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U.S.: Academics Debate Preventive-War Doctrine

  • Don Hill

U.S. intellectuals in recent months have renewed an ancient debate: What is a just war? What is preemptive war? They also are asking: Does the U.S. threat to attack Iraq correspond with international law and custom? Some of those involved in the debate told RFE/RL that the events of 11 September 2001 changed the definitions of the terms.

Prague, 17 March 2003 (RFE/RL) -- The U.S. administration of President George W. Bush has introduced a new phrase into the lexicon of modern war. It is "anticipatory self-defense."

Bush declared in an introduction to the annual "National Security Strategy of the United States," published last September, that the United States will act against "emerging threats before they are fully formed."

The document notes that international law does recognize the right of a nation to preempt an imminent attack. But it goes on to say that the concept of "imminent" threat has a new meaning in the face of modern-day terrorism.

Andrew Bacevich heads the department of international relations at Boston University. He told RFE/RL that the Bush administration is reluctant to admit that it is advocating preventive war with regard to Iraq. "Well, I think 'anticipatory self-defense' was just a term of art created by the Bush administration early on in the process of unveiling this new strategy. I mean they don't wish to say straight out that the U.S. has embraced this doctrine of preventive war," Bacevich said.

Bacevich went on to say the term "preventive war" suggests attacking another country because of a supposition that the other country intends harm sometime in the future. That's different from "preemptive war," he said. "When I have certain knowledge that my adversary is planning to attack me and, indeed, is on the verge of attacking me, then a preemptive attack out of self-defense is considered to be legitimate and legal," Bacevich said.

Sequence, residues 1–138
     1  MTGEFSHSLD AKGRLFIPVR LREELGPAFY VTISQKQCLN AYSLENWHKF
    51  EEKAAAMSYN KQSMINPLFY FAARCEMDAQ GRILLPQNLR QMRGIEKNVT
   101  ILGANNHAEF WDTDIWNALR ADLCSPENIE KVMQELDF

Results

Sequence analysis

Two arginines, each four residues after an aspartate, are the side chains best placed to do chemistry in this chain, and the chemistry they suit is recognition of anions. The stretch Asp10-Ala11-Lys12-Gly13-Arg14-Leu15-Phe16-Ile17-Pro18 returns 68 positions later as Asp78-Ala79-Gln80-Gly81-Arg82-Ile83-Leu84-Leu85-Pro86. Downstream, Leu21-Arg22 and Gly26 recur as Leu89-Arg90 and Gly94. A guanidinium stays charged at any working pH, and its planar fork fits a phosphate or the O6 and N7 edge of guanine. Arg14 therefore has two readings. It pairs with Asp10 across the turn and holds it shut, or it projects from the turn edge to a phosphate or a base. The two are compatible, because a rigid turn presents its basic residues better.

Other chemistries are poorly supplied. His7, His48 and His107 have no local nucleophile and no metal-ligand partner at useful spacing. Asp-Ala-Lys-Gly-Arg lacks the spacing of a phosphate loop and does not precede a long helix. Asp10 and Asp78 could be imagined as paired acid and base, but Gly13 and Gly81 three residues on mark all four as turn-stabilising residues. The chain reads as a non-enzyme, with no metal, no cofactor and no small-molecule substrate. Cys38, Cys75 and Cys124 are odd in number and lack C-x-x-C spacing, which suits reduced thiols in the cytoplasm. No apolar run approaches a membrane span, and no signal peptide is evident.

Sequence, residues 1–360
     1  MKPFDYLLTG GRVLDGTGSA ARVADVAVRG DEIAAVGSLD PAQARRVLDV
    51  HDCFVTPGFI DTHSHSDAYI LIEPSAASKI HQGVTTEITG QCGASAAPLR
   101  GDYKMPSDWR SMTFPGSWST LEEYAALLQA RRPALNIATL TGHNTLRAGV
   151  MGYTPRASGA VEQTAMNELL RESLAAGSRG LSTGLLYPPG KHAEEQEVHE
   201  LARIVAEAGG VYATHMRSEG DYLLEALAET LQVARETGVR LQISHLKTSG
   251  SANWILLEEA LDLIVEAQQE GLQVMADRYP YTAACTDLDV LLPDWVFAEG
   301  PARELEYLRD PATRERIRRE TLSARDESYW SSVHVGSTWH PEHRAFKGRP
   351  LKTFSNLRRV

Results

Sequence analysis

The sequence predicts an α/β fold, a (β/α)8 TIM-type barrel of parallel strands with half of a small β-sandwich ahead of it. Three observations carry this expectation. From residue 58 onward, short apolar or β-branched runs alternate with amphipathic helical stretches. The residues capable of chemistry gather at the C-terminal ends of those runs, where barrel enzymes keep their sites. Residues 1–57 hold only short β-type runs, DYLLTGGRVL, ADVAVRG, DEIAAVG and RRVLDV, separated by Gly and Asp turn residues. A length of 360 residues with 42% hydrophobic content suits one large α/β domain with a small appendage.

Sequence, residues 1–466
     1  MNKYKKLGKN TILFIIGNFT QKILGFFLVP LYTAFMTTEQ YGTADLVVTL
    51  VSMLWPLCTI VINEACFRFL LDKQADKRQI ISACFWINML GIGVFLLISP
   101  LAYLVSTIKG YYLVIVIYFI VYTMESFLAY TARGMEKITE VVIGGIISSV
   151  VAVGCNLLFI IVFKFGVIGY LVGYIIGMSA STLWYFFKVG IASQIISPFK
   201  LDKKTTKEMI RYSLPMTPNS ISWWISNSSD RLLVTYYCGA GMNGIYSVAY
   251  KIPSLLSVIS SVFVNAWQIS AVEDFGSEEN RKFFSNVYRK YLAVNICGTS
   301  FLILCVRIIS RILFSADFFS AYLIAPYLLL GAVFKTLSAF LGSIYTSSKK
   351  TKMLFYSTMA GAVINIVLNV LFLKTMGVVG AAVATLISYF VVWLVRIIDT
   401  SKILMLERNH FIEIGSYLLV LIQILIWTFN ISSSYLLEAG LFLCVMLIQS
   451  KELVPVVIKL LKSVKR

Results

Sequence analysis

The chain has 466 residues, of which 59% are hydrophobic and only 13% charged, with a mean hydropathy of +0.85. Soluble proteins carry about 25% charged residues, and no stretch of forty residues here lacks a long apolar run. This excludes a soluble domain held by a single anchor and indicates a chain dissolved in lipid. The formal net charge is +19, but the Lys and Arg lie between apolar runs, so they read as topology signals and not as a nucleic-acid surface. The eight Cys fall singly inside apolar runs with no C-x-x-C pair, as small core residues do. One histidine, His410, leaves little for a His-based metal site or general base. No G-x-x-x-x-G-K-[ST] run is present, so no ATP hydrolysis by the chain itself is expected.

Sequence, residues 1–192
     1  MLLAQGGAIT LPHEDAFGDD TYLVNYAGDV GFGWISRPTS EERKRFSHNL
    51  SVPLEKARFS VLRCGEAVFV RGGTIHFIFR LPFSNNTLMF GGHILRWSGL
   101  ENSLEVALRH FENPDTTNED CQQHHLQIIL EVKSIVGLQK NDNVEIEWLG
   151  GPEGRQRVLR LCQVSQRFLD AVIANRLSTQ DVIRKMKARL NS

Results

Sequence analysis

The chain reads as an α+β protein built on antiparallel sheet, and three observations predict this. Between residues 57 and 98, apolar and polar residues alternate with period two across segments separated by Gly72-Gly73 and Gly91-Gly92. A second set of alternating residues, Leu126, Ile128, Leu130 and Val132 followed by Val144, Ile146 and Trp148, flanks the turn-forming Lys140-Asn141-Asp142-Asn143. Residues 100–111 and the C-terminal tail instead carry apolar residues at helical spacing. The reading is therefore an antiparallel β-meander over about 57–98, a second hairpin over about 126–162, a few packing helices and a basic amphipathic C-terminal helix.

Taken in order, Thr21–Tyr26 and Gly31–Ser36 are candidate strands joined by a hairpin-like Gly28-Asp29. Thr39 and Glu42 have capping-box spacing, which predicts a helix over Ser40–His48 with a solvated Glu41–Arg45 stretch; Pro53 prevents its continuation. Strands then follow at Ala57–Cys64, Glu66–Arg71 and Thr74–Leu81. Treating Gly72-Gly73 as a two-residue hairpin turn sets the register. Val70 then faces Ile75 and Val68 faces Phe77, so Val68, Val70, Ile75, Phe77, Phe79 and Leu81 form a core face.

Bacevich is one of a large group of U.S. historians, political scientists, and other academics and intellectuals who have entered a lively public debate since the September strategy statement over the morality and justice of the Bush strategic doctrine. Most are critical, but not all.

John Lewis Gaddis, a Yale University professor of military and naval history, wrote in a recent issue of "Foreign Policy" magazine that the Bush national security strategy may be "the most important reformulation of U.S. grand strategy in over half-a-century."

Gaddis wrote that Bush and his advisors put forward an entirely new theory when they boldly equated terrorists with tyrants as sources of danger. He says in this way, the administration recognizes -- in the wake of 11 September -- that terrorists can inflict levels of destruction that once only national military forces could.

For a country to publish the details of its strategic thinking is itself a historically recent innovation. It has its roots in an article that diplomat and historian George Kennan published anonymously in 1947 in "Foreign Affairs" that laid out the rationale for the U.S. Cold War "containment" policy.